@Drew:

I disagree, it's better to learn what the underlying language is first before you dive into the simplified version. A programmer needs to be informed as to WHY jquery is a powerful library, not just to accept it because blogs say so.

Nothing drives me nuts more than seeing a webpage where my predecessor loaded a 20k file (jquery.js) for no other reason than to get an easy way to getElementById().

16 bytes versus 20,000ish.

Comment 15 by Phillip Senn posted on 5/16/2011 at 6:56 PM

Well, there's a progression...
For someone that's new to JavaScript, they should use $('#myID') and $('.myClassName').
If your site is so popular that you are starting to see degradation, then you may want to refactor.
I know that my sites never have that many users, so for me, I can't foresee ever using getElementById.
I just load jQuery from Google's CDN and consider it to be a part of the browser.

Comment 16 by Adrian J. Moreno posted on 5/16/2011 at 7:04 PM

Doug, I couldn't agree more. I actually found this in code under development and kicked it back to be fixed:

var x = jQuery('#foo').attr('id');
document.getElementById(x).value = '';

My favorite quote about jQuery goes something like this (can't recall the source): "jQuery is this great framework that turns bad JavaScript programmers into worse jQuery programmers."

You have to learn to Wax On and Wax Off before you can try to Crane Kick.

I'll second Javascript: The Good Parts by Crockford and Eloquent JavaScript (http://eloquentjavascript.n....

Comment 17 by Phillip Senn posted on 5/16/2011 at 8:58 PM

Adrian, what was your recommended solution to them mixing jQuery and native JavaScript?
My solution would be to change document.getElementById(x).value = ''; to $('#x').val('');
I would venture to guess that if you removed the use of jQuery in your example, it didn't mean that jQuery could be taken out of the program.
If the JavaScript part of a program is so small that you don't have any references to jQuery in it, then it's merely a proof-of-concept.
If it's of any size at all, you're using jQuery somewhere else in there.
And if it's a proof-of-concept, you should still be using jQuery anyway because that means that you're learning the language.
Perhaps using getElementById is too simplistic an example. Anyone that has seen the minefield that events are (different commands depending on which browser) knows that a library HAD to have been written.

Wax on, Wax off? jQuery is a Makita Electronic Polisher-Sander!

Comment 18 by Doug posted on 5/16/2011 at 9:14 PM

Phillip:

I'd hate to admit it, but you're right. There are fewer and fewer pages these days that I'm using that don't use a JavaScript library at all. Eventually I might as well just load jQuery or whatever on my whole site since the overhead is marginal.

Still part of me is worried that jQuery won't be around for ever (perish the thought!) and I'd hate to be wedded to one library when there are others available that may be better--such as Mootools. Better to know the underlying language so you can jump across different libraries as the situation requires. But it's probably not necessary for JS newbies.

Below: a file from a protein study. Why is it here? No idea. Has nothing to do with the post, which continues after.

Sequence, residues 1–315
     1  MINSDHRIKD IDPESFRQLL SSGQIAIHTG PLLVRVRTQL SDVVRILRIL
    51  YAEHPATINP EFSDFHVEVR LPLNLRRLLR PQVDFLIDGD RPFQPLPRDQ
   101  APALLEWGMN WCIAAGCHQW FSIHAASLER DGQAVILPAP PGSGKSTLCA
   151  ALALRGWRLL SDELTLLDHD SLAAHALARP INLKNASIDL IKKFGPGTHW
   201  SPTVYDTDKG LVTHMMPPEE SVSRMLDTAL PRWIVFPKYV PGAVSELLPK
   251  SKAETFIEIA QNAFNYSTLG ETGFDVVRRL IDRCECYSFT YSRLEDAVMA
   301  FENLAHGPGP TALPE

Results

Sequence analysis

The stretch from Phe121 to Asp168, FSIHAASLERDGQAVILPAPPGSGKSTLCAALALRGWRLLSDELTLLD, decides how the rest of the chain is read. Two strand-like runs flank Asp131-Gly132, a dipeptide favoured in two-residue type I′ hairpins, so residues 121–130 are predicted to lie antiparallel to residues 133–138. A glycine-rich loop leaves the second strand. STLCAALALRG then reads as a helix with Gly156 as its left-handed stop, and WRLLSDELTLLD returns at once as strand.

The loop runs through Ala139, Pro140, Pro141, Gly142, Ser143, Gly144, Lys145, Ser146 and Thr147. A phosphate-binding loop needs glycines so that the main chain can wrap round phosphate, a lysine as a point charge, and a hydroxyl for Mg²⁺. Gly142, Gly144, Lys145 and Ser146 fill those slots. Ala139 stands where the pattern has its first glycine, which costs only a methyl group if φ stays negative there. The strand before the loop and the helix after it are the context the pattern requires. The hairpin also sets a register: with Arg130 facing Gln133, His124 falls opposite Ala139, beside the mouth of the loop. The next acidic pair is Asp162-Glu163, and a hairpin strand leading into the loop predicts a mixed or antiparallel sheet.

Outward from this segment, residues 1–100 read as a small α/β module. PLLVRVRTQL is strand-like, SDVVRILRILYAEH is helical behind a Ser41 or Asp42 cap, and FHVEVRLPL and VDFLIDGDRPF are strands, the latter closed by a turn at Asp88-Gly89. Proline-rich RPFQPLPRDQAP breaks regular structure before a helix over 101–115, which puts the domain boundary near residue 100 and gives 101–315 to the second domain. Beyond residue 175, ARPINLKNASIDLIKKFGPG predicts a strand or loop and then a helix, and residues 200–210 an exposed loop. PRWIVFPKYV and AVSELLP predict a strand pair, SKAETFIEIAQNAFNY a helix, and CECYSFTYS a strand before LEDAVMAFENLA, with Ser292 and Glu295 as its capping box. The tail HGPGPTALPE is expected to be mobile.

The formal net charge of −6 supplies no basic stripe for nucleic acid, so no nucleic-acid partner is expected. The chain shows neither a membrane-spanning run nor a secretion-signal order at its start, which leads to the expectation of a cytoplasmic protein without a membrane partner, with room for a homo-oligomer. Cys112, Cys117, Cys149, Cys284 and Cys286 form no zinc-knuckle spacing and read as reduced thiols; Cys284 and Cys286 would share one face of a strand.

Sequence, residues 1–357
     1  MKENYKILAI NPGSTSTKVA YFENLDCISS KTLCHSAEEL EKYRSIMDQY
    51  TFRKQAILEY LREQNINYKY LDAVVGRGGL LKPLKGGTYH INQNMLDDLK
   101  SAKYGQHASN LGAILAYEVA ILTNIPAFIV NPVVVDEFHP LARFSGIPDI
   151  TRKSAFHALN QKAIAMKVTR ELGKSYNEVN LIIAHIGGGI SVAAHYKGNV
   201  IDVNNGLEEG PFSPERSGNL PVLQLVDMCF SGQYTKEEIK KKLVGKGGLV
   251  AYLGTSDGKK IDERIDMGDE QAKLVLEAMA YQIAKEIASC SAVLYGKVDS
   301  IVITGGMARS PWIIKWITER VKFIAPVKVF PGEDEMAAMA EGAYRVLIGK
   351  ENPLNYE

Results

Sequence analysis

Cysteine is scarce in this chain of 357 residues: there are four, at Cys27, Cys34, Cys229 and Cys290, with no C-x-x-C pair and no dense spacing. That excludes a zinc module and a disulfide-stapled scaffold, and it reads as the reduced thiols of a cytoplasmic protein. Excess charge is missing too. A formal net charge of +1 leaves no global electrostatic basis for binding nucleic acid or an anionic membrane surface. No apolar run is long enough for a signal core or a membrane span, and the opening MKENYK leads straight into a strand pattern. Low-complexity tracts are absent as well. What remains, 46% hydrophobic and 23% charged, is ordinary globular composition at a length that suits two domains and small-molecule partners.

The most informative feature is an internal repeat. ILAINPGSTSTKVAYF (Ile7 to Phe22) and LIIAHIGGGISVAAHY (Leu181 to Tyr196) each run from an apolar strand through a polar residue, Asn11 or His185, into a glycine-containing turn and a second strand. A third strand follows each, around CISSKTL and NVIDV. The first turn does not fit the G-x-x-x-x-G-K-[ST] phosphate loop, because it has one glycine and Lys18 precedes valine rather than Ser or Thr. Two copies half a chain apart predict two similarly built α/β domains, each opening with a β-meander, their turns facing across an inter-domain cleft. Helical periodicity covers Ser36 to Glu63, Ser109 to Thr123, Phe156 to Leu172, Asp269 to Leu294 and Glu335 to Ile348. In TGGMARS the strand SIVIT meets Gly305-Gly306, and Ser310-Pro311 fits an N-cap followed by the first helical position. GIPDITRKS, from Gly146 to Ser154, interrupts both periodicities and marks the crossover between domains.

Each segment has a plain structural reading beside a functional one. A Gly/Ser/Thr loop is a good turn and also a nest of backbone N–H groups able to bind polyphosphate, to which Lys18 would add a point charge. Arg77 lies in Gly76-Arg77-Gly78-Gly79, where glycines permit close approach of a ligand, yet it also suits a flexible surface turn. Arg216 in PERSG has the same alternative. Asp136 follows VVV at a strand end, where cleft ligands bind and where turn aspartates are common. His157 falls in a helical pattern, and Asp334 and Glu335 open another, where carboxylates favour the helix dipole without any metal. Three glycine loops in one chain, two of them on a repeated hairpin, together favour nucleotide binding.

Comment 19 by Adrian J. Moreno posted on 5/16/2011 at 10:34 PM

We've standardized on jQuery for the entire application. Until about 6 months ago, we only included the library when it was used on a page. I determined we were using it so often, there was no reason to not just load it all the time, so we did.

We told developers that ***if*** they knew how to do something with jQuery, they should. We have a LOT of old school document.formName.fieldName.value() going on and even worse, window.document . . .

In the case above, yes, all they needed to do was jQuery('#foo').val('');, but they didn't know that. They didn't know val(), they knew how to set a field value using the getElementById() method. They "just wanted to use jQuery" and there you go.

@Doug - I wouldn't worry about jQuery. Microsoft has included it as part of the .NET framework and Adobe is invested in it as well. Have you seen the integration with DreamWeaver? It's amazing.

Ray, correct me if I'm wrong, but at the recent jQuery Conference, they stated that ~44% of all sites are using jQuery. If you intend to be in web development right now, I think learning JavaScript first and jQuery second would greatly benefit anyone.

Comment 20 by Raymond Camden posted on 5/16/2011 at 10:35 PM

@Adrian: I don't remember the exact #, but it was pretty high (I'd consider anything over 25% as high).

Comment 21 by Edward - Florida SEO posted on 5/17/2011 at 5:24 AM

Though I'm partial to The Definitive Guide the latest version of the JavaScript Cookbook covers the basics really well ...

http://oreilly.com/catalog/...

Comment 22 by Doug posted on 5/17/2011 at 5:40 PM

This one is a funny graphic about how people foolishly depend on jQuery. I stand by my assertion that people need to use jQuery and JavaScript intelligently.

http://www.doxdesk.com/img/...

(And hopefully this comment won't get filtered this time.)

Comment 23 by Raymond Camden posted on 5/17/2011 at 5:45 PM

@Doug: That's awesome. :)

Comment 24 by MikeG posted on 5/17/2011 at 11:56 PM

The book I always recommend is QUE's Special edition, Using Javascript by McFedries - it is as entry level as I have seen and is full of example code. Easy to follow, easy to use and goes from variables to DHTML all in layman's terms - though I expect most folks will never need the DHTML stuff now that we have jQuery. ISBN: 0-7897-2576-2

Comment 25 by Phillip Senn posted on 5/18/2011 at 4:19 AM

It's about that bad! Crockford says to do this to add two numbers together: +a +(+b)